The Tigers are eager to put the memory of last year’s near playoff miss far behind them, and early indications show that this team has the players to do just that.
Many initially thought the Tigers wouldn't be in a position to compete this season when the team made some trades and cut payroll in the offseason, but things are looking up.
Here are five alliterative reasons why the American League Central Division will belong to the Detroit Tigers in 2010.
Austin Jackson and Scott Sizemore may not be Curtis Granderson and Placido Polanco—yet—but the pair may make us forget about the former Tiger All-Stars at times.
Don’t get me wrong, I loved Curtis Granderson (still do), but at age 29 he’s probably at (or very near) his baseball ceiling. He’ll probably always struggle with strikeouts and with hitting lefties, and while he’s speedy, he’ll probably never become an elite base stealer.
Austin Jackson, on the other hand, doesn’t have a defined ceiling. He’s only 23 years old and has yet to step into a Major League batter’s box. And while that’s a scary proposition, it’s a very intriguing one. Austin has shown all the signs in spring training that he’s ready to break out.
He’s done all the right things on the field. From all reports, the defense has been spectacular, he has seven extra base hits (he leads the team in total bases this spring), but best of all is his stunning .413 on-base percentage.
Scott Sizemore certainly won’t be as steady as Placido Polanco has been at the plate, but the rookie second baseman has all the tools to quickly replace Polanco’s offensive production. He’ll likely hit seventh or eighth most of the year so less will be expected of him (in terms of OBP), but he should see some opportunities to drive in the likes of Cabrera, Guillen and Inge.
The Tigers' offense should see a nice boost this year with some better health in the middle of the lineup.
Carlos Guillen limped out of the gate last year and was placed on the DL in early May with a bad shoulder. He was able to return after the All-Star break, but he wasn’t able to produce very much with the bat. The team hopes that slotting Guillen into the designated hitter role will keep him healthy and productive.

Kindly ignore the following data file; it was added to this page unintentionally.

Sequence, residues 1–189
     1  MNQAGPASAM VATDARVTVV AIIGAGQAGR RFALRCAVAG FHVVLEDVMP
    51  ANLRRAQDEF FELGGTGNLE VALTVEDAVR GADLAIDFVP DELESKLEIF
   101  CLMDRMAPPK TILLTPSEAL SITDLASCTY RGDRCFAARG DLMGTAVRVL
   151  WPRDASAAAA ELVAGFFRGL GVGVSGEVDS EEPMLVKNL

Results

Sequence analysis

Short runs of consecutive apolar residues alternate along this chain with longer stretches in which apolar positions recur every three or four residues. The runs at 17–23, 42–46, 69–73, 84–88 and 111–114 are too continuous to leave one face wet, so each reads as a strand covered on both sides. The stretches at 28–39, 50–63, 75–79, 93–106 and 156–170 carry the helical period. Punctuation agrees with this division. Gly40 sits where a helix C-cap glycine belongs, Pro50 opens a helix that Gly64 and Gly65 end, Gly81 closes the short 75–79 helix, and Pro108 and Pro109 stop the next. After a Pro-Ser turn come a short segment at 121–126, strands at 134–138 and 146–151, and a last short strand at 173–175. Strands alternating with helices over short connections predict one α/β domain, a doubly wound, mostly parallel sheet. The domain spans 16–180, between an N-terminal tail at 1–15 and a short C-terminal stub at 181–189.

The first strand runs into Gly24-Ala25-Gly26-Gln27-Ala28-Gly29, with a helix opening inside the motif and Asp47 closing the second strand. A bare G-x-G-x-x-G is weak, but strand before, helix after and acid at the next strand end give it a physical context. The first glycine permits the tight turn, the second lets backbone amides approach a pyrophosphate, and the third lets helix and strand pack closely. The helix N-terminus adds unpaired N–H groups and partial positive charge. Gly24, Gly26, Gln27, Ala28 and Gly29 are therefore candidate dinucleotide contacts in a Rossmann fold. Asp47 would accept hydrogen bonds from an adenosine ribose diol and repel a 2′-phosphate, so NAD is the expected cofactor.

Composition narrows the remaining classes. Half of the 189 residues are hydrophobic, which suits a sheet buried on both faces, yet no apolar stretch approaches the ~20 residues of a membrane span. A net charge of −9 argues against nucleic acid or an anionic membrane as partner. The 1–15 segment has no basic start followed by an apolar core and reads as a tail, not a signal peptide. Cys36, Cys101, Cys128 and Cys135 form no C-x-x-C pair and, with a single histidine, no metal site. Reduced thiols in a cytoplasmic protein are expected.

Brandon Inge made the All-Star team a season ago (21 home runs in the first half), but his production came to a standstill when both of his knees gave out (only six homers in the second half). Inge went under the knife in the offseason to repair the knees and early (spring) results look promising.
Miguel Cabrera wasn’t battling an injury last year, but revelations of alcohol abuse came to light at last season’s end. The word is that Miguel has stayed off the stuff and that it’s no longer a distraction. Maybe a sober Cabrera is an even better hitter (scary thought for AL opponents), wouldn’t be any worse anyway.
One of the most encouraging statistics out of this year’s spring training has been the number of doubles that the team has hit. The Tigers sit second only to Boston in the Grapefruit League in this category. Doubles can plate a sneaky number of runs and Comerica Park (with its big gaps) is the perfect park for a doubles hitter. How many times did we see this team string double after double together in 2006?
Where have the doubles come from so far this spring?
Among the team leaders are Alex Avila (he just made the team), Miguel Cabrera (no surprise there), Carlos Guillen (hopefully now healthy), Don Kelly (also just named to the team), and Johnny Damon (I expect lots of doubles from Damon this year).
If there’s one thing I know about Tigers general manager Dave Dombrowski, it’s that he loves power arms, and the team won't be short on them this season.
Justin Verlander lead the way last season as the American League’s strikeout king and Rick Porcello showed he belongs in the big leagues.
This year the Tigers add starter Max Scherzer, who has struck out more than one per inning in his young career.
In the bullpen the Tiger’s will have Ryan Perry, Joel Zumaya, and Jose Valverde waiting.
Perry hits the upper 90s and everyone knows to watch the radar gun when Zumaya’s on the hill. It’s usually at this point in the games that opposing players wonder in anyone on the Tigers can throw softer than 95 miles per hour.
Valverde’s the new guy to the pen, but he was rock solid last year with Houston with 25 saves and a 2.33 ERA. He also struck out 56 batters in 54 innings of work.
Only one team had a player receive a first place vote in two the “big three” post season awards (MVP, Cy Young, and Rookie of the Year).
That team was the Tigers.
In fact, the Tigers had a player receive at least one first place vote in all three categories. Miguel Cabrera for MVP, Justin Verlander for Cy Young, and Rick Porcello for rookie of the year.
Miguel Cabrera and Justin Verlander will win their respective awards before their careers are over (you can take that promise to the bank) and Rick Porcello has given no indication that his quick rise to the majors was a fluke.
I fully expect Cabrera and Verlander to contend strongly for the awards this year and that bodes very well for the Tigers. Only the Yankees had a top five player in the Cy Young and MVP voting last year, and we all know how that ended up.